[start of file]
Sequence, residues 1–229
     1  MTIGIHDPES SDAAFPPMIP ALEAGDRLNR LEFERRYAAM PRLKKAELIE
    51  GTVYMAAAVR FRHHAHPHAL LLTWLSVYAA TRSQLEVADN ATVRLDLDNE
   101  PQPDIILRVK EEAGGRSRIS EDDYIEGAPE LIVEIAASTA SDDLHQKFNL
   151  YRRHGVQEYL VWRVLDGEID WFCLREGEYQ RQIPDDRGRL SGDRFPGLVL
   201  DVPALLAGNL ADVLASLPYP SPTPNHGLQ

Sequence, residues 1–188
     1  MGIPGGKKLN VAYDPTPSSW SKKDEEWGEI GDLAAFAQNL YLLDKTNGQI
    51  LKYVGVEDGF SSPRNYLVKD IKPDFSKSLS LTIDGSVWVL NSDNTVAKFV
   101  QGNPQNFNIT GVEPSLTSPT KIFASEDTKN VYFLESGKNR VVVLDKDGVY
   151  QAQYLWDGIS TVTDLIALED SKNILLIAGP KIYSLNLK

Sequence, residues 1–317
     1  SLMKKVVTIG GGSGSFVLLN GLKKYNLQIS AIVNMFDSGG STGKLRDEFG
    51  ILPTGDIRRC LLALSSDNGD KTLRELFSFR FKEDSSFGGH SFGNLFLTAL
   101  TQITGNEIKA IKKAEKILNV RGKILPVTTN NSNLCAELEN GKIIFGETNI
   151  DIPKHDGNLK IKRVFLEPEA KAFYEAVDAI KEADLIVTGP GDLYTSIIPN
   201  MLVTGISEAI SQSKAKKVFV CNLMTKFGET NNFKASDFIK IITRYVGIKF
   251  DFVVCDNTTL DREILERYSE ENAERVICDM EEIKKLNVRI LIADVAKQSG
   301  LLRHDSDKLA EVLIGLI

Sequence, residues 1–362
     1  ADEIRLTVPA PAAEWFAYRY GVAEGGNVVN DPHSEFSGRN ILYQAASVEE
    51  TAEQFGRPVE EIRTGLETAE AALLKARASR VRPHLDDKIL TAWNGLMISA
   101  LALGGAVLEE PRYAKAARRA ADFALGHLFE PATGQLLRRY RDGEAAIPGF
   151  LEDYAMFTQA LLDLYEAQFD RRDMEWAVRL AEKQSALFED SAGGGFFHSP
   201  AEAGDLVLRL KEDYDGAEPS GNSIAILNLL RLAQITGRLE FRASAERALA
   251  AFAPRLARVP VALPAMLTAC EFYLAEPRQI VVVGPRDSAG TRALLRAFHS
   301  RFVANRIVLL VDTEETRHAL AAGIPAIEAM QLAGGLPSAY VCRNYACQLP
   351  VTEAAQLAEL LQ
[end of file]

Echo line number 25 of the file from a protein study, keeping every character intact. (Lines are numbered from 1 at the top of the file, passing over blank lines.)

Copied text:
   201  AEAGDLVLRL KEDYDGAEPS GNSIAILNLL RLAQITGRLE FRASAERALA